November usually is the month in which we especially remember those who passed away. At this special time of the year, we´d like to share with you an article different than usual – a walk through one of the most famous cemeteries in Eastern Europe, the Novodevichy Cemetery in Moscow, telling you the story of the aviation-related graves that could be found there.
Novodevichy Cemetery (
Новодевичье кладбище) is, without any doubts, the most famous necropolis in Moscow, located near the third most visited tourist attraction of the capital city – Novodevichy Convent, built in the 16 th century. The cemetery at the convent walls was opened in 1898 and shortly after became the place where the famous and noble Russian were buried, since 1920s it became the second in prestige graveyard in the country, just after the Kremlin Wall Necropolis.
Today, the Novodevichy Cemetery is the last resting place for the many famous Russian persons – authors, musicians, poets, actors, political leaders and scientists, with more than 27,000 people buried there. As there is almost no space left for any new tombs, the Novodevichy necropolis is now used for burials only in exceptional circumstances and for the most important Russian people (one of such examples was the burial of the first President of the Russian Federation Boris Yeltsin, in April of 2007). Other notable Soviet and Russian people are nowadays usually buried at Troyekurovo Cemetery, that was re-opened in 1991.
It was a rainy day of July 2017 when I visited the cemetery and walked through the wood there. As Novodevichy is covering the area of more than 7,5ha, this was merely impossible to walk all the paths there and find all aviation-related graves during a single day. Therefore, the photo gallery below shows just a selection of some interesting tombs and persons buried there, and not a complete directory.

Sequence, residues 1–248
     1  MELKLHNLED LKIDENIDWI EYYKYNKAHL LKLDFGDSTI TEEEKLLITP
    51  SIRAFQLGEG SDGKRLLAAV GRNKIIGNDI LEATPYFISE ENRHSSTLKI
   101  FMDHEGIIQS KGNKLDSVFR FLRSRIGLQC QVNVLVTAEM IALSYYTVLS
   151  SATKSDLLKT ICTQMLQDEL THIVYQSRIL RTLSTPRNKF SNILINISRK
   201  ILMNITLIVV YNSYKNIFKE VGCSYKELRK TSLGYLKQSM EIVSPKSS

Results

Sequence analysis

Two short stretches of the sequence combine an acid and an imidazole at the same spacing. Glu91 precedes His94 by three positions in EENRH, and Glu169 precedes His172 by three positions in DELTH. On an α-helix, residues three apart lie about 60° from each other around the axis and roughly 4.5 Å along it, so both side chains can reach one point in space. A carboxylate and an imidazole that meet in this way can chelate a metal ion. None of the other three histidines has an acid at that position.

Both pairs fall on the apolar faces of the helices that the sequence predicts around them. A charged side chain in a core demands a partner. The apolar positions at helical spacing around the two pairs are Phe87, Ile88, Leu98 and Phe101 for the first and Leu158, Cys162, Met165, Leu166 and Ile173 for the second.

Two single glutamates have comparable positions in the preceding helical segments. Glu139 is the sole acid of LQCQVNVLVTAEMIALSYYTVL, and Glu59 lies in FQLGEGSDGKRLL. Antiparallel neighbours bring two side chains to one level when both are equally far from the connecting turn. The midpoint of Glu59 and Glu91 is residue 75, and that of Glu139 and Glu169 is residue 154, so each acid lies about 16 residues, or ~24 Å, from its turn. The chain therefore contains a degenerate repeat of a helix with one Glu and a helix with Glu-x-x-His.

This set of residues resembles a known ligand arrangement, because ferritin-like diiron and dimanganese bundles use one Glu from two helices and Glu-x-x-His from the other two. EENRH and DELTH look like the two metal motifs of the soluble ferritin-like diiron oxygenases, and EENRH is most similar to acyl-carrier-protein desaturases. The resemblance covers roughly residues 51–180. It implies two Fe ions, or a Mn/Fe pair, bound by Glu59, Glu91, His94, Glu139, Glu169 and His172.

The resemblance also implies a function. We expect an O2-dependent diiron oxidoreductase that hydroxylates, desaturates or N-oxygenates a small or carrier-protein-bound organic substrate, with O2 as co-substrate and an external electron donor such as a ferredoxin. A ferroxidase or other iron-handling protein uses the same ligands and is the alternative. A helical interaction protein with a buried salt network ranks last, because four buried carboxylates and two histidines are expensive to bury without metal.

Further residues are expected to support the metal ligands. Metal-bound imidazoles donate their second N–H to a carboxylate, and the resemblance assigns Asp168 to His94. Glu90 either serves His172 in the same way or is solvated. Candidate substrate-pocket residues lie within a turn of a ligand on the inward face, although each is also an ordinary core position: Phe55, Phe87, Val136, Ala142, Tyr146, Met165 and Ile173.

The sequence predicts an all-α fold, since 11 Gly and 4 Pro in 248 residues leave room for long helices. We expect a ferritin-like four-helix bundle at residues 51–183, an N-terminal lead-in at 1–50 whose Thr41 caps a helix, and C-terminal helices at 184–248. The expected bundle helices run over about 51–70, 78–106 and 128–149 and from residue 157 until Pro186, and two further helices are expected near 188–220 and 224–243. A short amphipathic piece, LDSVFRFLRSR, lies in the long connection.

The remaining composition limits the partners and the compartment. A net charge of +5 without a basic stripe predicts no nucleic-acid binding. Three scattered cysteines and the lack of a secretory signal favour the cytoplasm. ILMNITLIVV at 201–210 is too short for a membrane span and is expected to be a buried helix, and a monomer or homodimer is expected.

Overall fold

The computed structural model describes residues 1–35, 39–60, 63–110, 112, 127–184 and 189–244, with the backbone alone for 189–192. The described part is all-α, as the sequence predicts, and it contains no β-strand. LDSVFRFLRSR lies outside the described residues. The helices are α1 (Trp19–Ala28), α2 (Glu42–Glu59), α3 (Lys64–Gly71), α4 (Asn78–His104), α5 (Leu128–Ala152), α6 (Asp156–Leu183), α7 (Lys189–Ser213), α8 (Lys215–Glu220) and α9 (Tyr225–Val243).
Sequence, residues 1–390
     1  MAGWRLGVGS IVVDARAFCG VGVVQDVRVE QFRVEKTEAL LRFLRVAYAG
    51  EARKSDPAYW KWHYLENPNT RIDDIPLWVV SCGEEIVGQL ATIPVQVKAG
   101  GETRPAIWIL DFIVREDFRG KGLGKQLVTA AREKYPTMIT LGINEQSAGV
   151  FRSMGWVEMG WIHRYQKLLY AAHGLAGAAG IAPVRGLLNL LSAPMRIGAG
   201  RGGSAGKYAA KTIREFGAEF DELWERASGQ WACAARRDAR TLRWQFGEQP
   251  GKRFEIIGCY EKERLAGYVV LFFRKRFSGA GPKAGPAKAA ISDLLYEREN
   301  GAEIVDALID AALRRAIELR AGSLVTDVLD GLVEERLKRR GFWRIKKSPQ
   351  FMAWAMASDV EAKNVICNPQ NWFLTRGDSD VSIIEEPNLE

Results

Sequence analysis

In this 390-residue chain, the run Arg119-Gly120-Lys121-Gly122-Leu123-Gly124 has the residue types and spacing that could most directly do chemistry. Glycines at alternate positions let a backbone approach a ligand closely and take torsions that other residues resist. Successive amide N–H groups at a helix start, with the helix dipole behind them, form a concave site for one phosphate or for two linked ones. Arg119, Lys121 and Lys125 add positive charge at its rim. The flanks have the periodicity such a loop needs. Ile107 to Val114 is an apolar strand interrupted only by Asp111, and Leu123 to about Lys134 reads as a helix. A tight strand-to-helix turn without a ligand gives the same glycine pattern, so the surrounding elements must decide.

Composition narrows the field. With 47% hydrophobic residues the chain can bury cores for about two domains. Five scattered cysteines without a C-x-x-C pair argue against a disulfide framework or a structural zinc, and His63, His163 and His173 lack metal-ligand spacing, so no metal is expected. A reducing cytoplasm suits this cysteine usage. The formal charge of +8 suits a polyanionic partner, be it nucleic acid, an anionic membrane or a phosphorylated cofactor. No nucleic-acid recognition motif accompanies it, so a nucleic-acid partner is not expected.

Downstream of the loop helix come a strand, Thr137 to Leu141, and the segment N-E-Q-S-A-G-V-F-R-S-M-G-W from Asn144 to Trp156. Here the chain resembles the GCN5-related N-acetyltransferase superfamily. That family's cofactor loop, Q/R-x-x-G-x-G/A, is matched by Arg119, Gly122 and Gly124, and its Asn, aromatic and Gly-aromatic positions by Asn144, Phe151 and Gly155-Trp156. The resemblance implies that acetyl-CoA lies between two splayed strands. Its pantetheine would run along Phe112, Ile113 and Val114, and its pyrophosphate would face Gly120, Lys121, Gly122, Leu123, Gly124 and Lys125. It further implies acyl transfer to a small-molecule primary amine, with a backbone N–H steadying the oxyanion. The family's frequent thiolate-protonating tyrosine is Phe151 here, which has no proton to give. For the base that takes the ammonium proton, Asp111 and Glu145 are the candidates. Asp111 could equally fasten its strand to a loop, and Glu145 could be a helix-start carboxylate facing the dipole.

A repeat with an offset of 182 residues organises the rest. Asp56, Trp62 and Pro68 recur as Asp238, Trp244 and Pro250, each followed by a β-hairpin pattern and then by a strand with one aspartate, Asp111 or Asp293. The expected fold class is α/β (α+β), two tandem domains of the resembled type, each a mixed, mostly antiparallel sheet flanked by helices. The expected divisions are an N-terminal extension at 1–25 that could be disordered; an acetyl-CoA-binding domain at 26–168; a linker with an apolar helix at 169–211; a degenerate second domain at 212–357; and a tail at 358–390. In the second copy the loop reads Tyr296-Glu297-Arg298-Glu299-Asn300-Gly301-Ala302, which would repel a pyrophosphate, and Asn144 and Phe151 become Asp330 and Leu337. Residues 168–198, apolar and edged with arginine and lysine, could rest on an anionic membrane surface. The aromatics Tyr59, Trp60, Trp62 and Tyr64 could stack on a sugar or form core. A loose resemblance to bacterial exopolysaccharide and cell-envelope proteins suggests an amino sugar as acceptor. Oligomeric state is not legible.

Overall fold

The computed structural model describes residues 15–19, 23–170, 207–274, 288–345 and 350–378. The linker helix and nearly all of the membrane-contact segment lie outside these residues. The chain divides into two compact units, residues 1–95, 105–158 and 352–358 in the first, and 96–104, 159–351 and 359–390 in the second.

The common grave of the ´Defenders of Moscow´, soldiers that died in 1941 and then became a legendary icons of the defence of Moscow – L.M. Dovator, V.V. Talalikhin and I.V. Panfilov. Viktor Vasilevich Talalikhin was a fighter ace, who became famous of ramming a German He 111 with his I-16 fighter during the night of 6/7 August 1941 and being among the first pilots who rammed the enemy aeroplane at night. It was his second aerial victory and then he achieved a five more until he was shot down in a MiG-3 in October. His I-16 was found in 2014, and the wreckage is now exhibited in Domodedovo museum.
Alexander Ivanovich Pokryshkin – Marshall of Aviation, three times Hero of the Soviet Union, WWII fighter ace. The final number of his aerial victories is still a subject of discussion among the historians, varying from 59 personal and 6 shared (and this would make him the third most successful Soviet ace), to only 46 + 6 victories. He also wrote a few books, including his war memoirs and tactics manual.
Ivan Nikitovich Kozhedub – Marshall of Aviation, three times Hero of the Soviet Union, WWII fighter ace. Kozhedub is officially recognized as the Soviet fighter ace with the highest number of aerial victories – exceeding 60 (and including Me 262 jet fighter). During his WWII fighter career he was flying the Lavochkin fighters: La-5, La-5FN and La-7. From April 1951 to January 1952 he was a commander of the 324th Air Division in the Korean War, but he was forbidden to fly the combat missions. Kozhedub also wrote a few aviation books and his war memoirs.